|[Note Guidelines] Photographer's Note|
|Venomous pitviper species found in Central and South America. Small and arboreal, these snakes are characterized by their wide array of color variations, as well as the superciliary scales over the eyes.|
This is a relatively small species that rarely exceed 75 cm in length, with females being larger than males. They have a wide, triangular-shaped head, and eyes with vertical pupils. Like all pit vipers, they are solenoglyphous, having large, hypodermic needle-like fangs in the upper jaw that fold back when not in use, and have heat sensitive organs, or pits, located on either side of the head between the eye and nostril.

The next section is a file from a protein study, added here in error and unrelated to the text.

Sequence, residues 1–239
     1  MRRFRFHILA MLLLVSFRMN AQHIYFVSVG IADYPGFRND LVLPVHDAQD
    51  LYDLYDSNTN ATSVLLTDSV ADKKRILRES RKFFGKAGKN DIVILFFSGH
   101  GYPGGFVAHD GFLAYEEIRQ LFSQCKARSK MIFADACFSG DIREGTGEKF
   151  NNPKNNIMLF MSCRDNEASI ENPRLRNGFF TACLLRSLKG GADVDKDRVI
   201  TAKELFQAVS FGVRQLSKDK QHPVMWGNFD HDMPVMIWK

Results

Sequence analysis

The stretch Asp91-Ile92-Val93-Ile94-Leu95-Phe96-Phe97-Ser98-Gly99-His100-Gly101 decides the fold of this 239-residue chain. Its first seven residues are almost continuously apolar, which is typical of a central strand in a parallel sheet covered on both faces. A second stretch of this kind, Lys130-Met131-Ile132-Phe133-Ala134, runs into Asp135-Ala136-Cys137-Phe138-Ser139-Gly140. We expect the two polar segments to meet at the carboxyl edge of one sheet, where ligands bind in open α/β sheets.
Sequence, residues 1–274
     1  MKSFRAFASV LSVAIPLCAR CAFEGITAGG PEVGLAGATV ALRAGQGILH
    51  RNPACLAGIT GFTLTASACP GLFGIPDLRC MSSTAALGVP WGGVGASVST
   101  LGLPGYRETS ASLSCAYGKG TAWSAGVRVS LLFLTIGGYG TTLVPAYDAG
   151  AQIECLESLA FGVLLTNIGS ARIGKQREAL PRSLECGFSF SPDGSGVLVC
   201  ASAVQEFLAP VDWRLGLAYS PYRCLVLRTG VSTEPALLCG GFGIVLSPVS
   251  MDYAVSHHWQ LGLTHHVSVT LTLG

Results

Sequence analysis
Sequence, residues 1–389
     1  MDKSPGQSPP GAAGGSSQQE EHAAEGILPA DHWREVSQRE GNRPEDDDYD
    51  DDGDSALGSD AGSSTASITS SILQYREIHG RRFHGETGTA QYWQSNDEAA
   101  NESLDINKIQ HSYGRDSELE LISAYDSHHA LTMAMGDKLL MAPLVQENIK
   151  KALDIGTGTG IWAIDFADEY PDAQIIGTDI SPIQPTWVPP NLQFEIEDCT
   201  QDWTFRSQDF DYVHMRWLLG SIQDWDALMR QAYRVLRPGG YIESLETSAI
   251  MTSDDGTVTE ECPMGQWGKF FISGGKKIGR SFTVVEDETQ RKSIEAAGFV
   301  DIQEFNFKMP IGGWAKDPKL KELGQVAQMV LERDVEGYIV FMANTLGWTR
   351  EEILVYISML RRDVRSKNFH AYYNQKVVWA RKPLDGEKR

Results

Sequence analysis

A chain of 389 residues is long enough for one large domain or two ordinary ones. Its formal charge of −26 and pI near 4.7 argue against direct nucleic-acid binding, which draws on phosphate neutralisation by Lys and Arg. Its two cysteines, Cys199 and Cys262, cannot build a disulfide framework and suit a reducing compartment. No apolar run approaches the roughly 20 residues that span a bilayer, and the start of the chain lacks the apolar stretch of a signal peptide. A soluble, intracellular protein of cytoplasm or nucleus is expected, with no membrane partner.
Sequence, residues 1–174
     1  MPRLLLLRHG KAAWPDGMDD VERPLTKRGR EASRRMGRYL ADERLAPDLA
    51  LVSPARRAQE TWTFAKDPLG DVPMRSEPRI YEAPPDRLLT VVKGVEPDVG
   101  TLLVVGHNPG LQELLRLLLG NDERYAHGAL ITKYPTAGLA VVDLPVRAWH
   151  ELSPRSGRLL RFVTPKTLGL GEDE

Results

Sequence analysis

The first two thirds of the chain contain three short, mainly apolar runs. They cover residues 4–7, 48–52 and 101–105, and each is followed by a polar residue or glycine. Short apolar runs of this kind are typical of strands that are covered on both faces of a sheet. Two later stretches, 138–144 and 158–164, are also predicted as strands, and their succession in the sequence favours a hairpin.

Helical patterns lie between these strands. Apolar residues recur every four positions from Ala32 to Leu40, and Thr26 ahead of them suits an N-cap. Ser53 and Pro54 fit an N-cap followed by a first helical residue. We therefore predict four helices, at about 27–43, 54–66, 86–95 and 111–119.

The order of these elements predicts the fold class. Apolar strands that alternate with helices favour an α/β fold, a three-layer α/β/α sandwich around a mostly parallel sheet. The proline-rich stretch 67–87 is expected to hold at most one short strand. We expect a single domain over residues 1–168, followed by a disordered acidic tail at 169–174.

Its most distinguishing feature, and origin of its common name, is the set of modified scales over the eyes that look much like eyelashes. The eyelashes are thought to aid in camouflage, breaking up the snake's outline among the foliage it usually hides in. B. schlegelii occurs in a wide range of colors, including red, yellow, brown, green, even pink, as well as various combinations therof. They often have black or brown speckling on the base color.
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